In this post, I describe the statistical concepts that I have found most relevant in health data analytics.
First and foremost, I’m not a fan of using advanced statistical techniques for the sake of using them.
In healthcare, the audience of your analysis is often non-statisticians (bio statistics research arena aside), so advanced statistical concepts are often not understood or appreciated (not worth the time/resources needed for implementation).
Indeed, I found the following simple statistical concepts address most of what I need.
Descriptive statistics (average/standard deviation/skewness) are basic measures of the data. They are simple to calculate. Excel can calculate all these.
is the sum of a set of numbers divided by the count of how many numbers there are.
While this measure is self-explanatory, it is important to make sure the denominator the count is correct. E.g. if you’re getting to the average cost per patient, your denominator should be the unique number of patients. You’re often summing costs over different claims/medical encounters, so dividing by count of claims will not get you the average cost per patient.
is a measure of how dispersed a set of numbers are. A group of numbers that are very bunched up have a smaller standard deviation than if the numbers are more widely spread out.
The point here , is that the larger the standard deviation, the less reliable the average will be, which means you should be less confident of the conclusions you draw. E.g. If you say cost of a procedure at medical Group A is 20% cheaper than at Group B, with a large cost standard deviation at either site, that 20% difference will be more likely to turn out differently.
this measures whether the data is more bunched to the left/lower cost side or the right/higher cost side or centered around the middle.
Typically, cost data in healthcare is right skewed, i.e. there are a lot of high cost cases, so the histogram looks more bunched on the left. This statistical concept is important to know because making comparisons across different datasets that are highly skewed affects the strength of your finding.
For example, the average cost of a procedure could be the same at Group A and B. But Group B’s costs may have a heavily right skewed, which means it is very likely that you will see higher costs cases from Group B than from Group A even though the average have been the same.
These are basically data points that are far away from the majority. Outliers can affect your analysis in a material way. E.g. a $1m cost hospital admission will push the average cost higher among a small group of admissions.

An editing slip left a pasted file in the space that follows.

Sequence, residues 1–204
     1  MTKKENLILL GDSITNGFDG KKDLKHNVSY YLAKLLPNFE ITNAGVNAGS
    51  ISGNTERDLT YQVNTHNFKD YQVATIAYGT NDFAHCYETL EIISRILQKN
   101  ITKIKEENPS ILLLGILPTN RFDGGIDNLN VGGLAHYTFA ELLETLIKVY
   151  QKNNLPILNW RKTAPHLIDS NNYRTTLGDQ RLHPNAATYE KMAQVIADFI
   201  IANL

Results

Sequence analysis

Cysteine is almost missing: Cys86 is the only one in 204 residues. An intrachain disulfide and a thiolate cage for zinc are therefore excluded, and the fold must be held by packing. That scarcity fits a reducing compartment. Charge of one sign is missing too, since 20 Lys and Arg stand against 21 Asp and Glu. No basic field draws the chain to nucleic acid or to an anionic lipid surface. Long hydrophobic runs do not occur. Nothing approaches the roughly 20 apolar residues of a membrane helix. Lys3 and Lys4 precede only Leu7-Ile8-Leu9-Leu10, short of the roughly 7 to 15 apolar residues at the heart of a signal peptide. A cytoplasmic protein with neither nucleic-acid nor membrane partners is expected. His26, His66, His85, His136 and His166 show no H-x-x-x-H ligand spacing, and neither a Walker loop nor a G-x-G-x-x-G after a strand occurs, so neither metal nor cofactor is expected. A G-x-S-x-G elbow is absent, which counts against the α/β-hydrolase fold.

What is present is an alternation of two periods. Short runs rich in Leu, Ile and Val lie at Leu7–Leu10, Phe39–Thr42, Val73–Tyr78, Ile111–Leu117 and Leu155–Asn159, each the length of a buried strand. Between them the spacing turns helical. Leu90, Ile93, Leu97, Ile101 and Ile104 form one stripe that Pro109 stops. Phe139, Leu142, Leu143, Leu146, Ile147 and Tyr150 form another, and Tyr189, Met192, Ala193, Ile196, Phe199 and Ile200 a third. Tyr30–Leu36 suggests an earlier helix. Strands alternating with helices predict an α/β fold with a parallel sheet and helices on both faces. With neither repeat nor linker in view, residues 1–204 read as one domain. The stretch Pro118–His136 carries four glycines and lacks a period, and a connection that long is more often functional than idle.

The way to identify outliers requires more statistical knowledge, I’ll write a future post about that. Please subscribe to make sure you don’t miss out.
Correlation vs causation
If you work in healthcare, you will hear the concept of “correlation vs causation”.
Correlation measures the degree to which two set of numbers are (co)related. A correlation of 1 means perfect positive correlation, -1 means perfect negative correlation, while 0 means no relationship at all. I look at the correlation between two set of numbers to decide whether further statistical analyses (e.g. regression) will be useful.
Causation develops the relationship idea further by asserting the directionality, i.e. you’re saying that one things causes another to happen. In practice, there are often a lot of complicating factors (confounders). Assessing causation is very difficult, and usually requires experimental studies with well thought out design, and usually over time to test whether one action leads to another.
What you need to remember is that just because you see things happening together, that does not mean one causes another, e.g. while all pregnant people are women, being women is the not what caused the pregnancy…
is referring to a predictable pattern that come and go over time. This is a key concept in public health/epidemiology. A commonly understood seasonality is the flu seasons before/during winter. But seasonality can occur along other time frames, e.g. Medicare beneficiaries renew their health plans at end of each year so you could see lower volume of treatment at the beginning of each year when plan deductibles reset .
When you analyze a set of data, look for seasonality and take these into account in your recommendations.
is a basic statistical technique to test quantitatively how one set of numbers relates to another. This can be easily done in Excel (using formula or even easier in graphs) or any other statistical software. I run these simple linear regressions to decide whether time/resource investment in more advanced regression techniques will be useful.
Frankly, most non-statisticians already have a hard time understand linear regressions, so I need to be convinced that more advanced techniques will generate meaningful, actionable results that can be understood and appreciated by the client.
I will write more on these topics, practical applications in the near future. Subscribe to not miss out.
6 thoughts on “Just the Statistics you need”
I think this is an excellent breakdown of the most common statistical jargon. It really provides a solid base for beginners/people looking to improve their skill sets. The terms are not just being used; but the understanding is also there.
Thanks Luke. Talk to you soon about one on one training 🙂